In reference to yourself, you’ll always have nagging doubts – Am I pure enough? Knowing whether you’re in Christ or not – precisely because He is in the flesh and His Church is His Body – is a rather simple question. Are you baptized? Are you in communion? Are you in the Church? Then you are elect! St. Peter, when discussing how to make your election sure, ultimate counsels his readers to fall back on baptism: The one who doubts his election is the one who “has forgotten that he was cleansed from his old sins.” (II Peter 1: 9)

Do you see how Christ’s incarnation makes election a simpler issue than it does when the incarnation is downplayed? Think of it this way. Let’s say you’re a contestant on the Bachelorette. It’s down to five bachelors remaining and the bachelorette is going to choose one of you (I have no idea how the show runs so I’m going to frame it that way) for her final mate. As you stand there in a row of five, the bachelorette facing all five, you wonder whether you are the chosen one. All you have are feelings, intuitions, dreams, and whatnot. In other words, you have nothing. Not until you get that rose and a hug from the bachelorette – both physical things and signs – do you know for sure.

God’s election works the same way. Between God’s election and us is Christ’s physical person and physical Church, Who is and Which is God’s Elect One. To be in Christ and His Church is to be in the Elect One. This St. Paul teaches when he writes, “He chose us in Him before the foundation of the world.” (Ephesians 1: 4)

Now, what of the called. “Many are called, but few are chosen.” Again, how silly to turn this into a passage more conducive to Gnosticism, where the chosen are those who “go the extra mile” and do something greater, higher, and more pure than all those run-of-the-mill sheeple who fill the pews. The chosen aren’t the “go the extra mile” types, but just as it says, chosen. Chosen by God’s grace.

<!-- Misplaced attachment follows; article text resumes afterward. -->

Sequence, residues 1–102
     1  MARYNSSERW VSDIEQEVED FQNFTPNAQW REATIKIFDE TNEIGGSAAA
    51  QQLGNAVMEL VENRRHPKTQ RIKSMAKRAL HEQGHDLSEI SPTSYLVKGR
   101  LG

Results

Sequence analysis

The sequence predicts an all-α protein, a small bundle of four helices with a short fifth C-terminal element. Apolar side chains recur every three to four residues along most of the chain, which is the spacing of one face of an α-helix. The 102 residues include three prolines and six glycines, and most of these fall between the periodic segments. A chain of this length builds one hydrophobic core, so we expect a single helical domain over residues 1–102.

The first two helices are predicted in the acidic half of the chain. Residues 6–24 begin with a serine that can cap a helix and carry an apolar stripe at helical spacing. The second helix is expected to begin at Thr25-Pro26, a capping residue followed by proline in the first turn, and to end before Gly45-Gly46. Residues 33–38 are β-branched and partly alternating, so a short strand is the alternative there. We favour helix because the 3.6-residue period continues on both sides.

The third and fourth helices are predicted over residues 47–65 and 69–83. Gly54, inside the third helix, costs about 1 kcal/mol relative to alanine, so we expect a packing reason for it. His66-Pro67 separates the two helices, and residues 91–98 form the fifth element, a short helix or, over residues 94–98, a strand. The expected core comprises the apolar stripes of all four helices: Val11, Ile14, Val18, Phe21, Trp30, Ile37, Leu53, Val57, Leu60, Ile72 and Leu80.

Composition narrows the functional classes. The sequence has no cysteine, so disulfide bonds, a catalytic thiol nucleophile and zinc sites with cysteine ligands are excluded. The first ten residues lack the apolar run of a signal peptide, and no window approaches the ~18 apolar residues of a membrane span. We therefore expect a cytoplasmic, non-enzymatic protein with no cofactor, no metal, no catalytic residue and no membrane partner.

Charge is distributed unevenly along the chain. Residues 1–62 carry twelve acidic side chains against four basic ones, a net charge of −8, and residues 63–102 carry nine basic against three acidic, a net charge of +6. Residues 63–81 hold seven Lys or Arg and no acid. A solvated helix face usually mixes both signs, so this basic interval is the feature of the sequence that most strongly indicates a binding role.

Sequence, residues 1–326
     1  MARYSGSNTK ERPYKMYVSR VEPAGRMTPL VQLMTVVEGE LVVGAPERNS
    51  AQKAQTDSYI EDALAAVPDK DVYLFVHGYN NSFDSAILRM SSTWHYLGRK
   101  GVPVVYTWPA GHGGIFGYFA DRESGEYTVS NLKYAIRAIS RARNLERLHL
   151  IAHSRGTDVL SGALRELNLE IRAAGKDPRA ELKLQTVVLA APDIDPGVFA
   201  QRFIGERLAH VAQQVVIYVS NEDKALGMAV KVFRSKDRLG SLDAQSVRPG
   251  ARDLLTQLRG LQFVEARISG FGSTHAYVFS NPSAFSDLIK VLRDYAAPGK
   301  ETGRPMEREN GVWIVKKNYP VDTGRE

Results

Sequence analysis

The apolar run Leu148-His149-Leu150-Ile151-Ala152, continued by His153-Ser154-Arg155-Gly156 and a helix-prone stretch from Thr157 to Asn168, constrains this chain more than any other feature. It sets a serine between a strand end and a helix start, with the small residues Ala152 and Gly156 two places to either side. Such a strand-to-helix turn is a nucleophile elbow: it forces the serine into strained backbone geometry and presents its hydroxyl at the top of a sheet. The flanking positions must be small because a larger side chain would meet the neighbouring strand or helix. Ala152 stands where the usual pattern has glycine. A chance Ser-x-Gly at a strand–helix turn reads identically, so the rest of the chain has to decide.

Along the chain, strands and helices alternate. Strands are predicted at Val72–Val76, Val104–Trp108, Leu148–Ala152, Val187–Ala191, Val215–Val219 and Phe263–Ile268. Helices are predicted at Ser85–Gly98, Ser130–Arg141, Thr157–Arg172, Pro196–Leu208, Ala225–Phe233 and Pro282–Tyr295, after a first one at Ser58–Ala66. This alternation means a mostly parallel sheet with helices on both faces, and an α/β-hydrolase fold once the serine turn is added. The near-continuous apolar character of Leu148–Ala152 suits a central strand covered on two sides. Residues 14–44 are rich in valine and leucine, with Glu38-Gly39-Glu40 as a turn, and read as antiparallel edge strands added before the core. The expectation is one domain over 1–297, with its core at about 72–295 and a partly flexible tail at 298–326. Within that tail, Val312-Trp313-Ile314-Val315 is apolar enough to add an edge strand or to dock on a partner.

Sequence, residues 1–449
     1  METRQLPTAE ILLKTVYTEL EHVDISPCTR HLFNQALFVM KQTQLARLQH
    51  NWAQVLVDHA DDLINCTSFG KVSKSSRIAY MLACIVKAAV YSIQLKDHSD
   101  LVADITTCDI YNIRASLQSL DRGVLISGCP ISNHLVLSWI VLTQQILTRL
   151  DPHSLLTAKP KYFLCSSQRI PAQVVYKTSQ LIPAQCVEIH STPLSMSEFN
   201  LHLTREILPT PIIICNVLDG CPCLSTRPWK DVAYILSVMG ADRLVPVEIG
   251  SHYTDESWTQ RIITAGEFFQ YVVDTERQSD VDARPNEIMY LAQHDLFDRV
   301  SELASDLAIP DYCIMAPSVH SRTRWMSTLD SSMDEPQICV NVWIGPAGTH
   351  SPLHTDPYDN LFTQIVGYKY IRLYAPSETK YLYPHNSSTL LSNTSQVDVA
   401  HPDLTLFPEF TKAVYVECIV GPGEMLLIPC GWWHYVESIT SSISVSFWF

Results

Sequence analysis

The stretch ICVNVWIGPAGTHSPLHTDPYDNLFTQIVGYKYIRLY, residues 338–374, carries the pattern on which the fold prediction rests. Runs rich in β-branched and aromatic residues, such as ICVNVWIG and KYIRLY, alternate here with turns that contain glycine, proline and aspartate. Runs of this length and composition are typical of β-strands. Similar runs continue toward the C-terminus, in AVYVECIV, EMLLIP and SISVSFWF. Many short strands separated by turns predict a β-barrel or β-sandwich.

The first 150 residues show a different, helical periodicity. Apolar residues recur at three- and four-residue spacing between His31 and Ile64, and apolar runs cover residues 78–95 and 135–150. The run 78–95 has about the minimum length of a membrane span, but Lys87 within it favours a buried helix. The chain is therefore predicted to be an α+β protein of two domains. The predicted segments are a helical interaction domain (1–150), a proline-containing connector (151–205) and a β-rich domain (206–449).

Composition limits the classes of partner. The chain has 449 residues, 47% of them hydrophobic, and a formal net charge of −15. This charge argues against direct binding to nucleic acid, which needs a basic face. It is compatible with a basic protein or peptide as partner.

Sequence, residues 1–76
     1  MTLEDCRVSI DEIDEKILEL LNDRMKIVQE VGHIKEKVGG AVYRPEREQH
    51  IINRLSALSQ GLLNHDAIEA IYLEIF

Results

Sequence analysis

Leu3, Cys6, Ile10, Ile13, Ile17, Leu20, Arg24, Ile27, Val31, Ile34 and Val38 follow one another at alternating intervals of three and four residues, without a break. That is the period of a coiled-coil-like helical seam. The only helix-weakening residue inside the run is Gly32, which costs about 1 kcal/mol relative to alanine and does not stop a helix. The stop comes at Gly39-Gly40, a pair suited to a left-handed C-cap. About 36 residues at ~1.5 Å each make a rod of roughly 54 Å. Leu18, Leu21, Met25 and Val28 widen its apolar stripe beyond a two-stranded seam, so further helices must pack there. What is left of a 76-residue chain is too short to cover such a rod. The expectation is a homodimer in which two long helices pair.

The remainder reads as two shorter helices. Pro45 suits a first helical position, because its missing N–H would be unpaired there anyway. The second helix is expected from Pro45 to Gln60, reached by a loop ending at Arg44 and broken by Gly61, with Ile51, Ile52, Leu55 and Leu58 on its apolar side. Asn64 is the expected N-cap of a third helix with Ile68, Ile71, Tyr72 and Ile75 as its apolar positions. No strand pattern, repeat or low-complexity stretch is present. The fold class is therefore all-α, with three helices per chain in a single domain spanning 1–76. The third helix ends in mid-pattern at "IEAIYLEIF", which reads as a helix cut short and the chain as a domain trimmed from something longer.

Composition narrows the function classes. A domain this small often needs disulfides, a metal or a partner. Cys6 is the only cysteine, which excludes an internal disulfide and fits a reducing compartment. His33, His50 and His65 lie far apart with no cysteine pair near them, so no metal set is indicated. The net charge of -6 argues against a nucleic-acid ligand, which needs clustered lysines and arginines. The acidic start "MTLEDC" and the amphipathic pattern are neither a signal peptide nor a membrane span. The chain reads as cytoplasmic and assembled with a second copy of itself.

But back to the called. Who, then, are the called?

Given the Jewish context of the parable and Jesus’ big theme that He is something greater than Moses, the Temple, and the Sabbath itself, and that God will raise up a new people from the stones, we can’t help see in Christ’s parable a contrast between the Jews, who “bore the burden and heat of the day” and the gentiles, who are latecomers to God’s grace.

With this framework, the many who are called would be the “many sons of the called one,” Abraham. Abraham was called in Genesis 12, and Abraham’s name means “Father of many.” In Abraham’s call, many were indeed called. Many were called, but many also fell away in faithlessness, getting the evil eye of jealousy that God’s grace would be open to those who didn’t bear the burden and heat of the Law.

That should not be a cause of pride for gentiles, those late-comers to God’s goodness, but as St. Paul writes, “Because of unbelief they [the Jews] were broken off, and you stand by faith. Do not be haughty, but fear. For if God did not spare the natural branches, He may not spare you either. Therefore consider the goodness and severity of God: on those who fell, severity; but toward you, goodness, if you continue in His goodness.”

Yes, continue in His goodness. The Parable of the Workers in the Vineyard is all about the landowners’ goodness.  May we continue in it and not become haughty, but fear.